We entered Arunachal Pradesh and were in the West Kameng District. Crammed up in a Tata Sumo, there were 12 of us excluding the driver. We were climbing the Himalayan roads towards Tawang.
We stopped briefly at a few spots just after the border. At a place called Tenga Valley, enchanting views of the Eastern Himalayas surrounded us. The passengers were mostly army workmen who were headed to their army posts around Tawang. I was the lone soldier going to Tawang that day.
The warm air of the plains gave way to the chilled breeze which blew from the North. A few Himalayan peaks were visible and the rain continued through the journey sometimes mixed with hail and sometimes with snow.
In the middle row of the taxi was me and three other army men. I introduced myself to them and they reciprocated. They were all from Kerala and were surprised to meet a person from their state travelling alone. As the journey progressed, we discussed a lot about the army and the work they have been doing there for years. These men had served in Ladakh, Kashmir and even in Bhutan.
The camaraderie they had developed for each other was also striking. After a while they started calling me “Sir” which they generally call their colleagues in the army. These men were not high-ranking soldiers just Havildars and workers and I built immense respect for them thereafter. Most of the work done at these remotest of regions are done by these great men.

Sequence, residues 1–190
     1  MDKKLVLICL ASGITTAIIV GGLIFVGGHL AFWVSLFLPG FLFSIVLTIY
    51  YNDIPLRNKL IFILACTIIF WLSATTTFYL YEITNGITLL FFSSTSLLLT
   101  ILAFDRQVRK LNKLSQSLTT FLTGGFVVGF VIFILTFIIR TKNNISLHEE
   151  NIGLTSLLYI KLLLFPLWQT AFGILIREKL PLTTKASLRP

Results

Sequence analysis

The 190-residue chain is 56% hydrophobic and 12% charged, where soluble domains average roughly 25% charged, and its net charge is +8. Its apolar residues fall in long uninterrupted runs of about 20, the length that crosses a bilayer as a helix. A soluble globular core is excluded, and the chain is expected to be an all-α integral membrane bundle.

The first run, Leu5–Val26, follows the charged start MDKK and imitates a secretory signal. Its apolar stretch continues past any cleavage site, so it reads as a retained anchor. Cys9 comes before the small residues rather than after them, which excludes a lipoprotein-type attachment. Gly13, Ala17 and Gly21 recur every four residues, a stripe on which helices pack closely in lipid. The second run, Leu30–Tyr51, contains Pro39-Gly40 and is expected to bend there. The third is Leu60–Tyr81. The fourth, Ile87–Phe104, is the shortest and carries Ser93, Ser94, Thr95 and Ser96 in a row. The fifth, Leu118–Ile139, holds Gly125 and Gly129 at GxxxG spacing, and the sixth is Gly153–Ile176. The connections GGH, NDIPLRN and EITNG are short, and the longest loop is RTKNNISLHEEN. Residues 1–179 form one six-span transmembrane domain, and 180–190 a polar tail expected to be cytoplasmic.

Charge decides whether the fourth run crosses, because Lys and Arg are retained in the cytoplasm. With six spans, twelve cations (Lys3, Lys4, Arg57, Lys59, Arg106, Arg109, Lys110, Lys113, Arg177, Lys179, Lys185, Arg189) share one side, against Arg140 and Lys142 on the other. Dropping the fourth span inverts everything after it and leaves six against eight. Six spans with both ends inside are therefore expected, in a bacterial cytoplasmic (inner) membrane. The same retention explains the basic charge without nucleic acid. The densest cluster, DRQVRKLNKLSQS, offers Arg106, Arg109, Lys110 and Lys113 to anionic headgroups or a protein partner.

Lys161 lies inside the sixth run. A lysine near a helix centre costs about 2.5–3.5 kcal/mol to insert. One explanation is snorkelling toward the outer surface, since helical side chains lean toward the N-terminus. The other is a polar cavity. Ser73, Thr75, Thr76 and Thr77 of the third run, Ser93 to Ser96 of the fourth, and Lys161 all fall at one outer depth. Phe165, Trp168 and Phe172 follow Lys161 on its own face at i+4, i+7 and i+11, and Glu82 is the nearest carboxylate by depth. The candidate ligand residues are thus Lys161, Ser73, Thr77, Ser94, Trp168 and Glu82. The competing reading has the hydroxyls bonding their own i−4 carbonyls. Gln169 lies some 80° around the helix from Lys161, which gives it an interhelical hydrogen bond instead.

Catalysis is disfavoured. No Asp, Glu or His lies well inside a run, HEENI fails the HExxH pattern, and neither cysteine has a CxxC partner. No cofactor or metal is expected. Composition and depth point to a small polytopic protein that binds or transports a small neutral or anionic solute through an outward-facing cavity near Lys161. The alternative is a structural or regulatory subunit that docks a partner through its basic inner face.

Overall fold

The driver picked up speed and soon we passed by Bomdila, where I was supposed to reach the day before but failed to make it. We passed Dirang which was another spot of interest en route. And after this there weren’t going to be any breaks. We had a good meal for lunch at one of the shacks somewhere after Dirang. The journey was definitely back-breaking and you feel you are being tortured for no reason. The route to Tawang is considered to be one of the deadliest routes in India and my tryst with the Himalayas continued.
The Sela Lake marks the entrance to the district of Tawang which is a border region of India with Bhutan on one side and China/Tibet on another. The entire area was under Tibet at one point of time.
The lake was so beautiful, I forgot the pain and hardship we went through to get there in that crammed up jeep. The army men shared some of the stories and folklores of various landmarks and events of the War of 1962.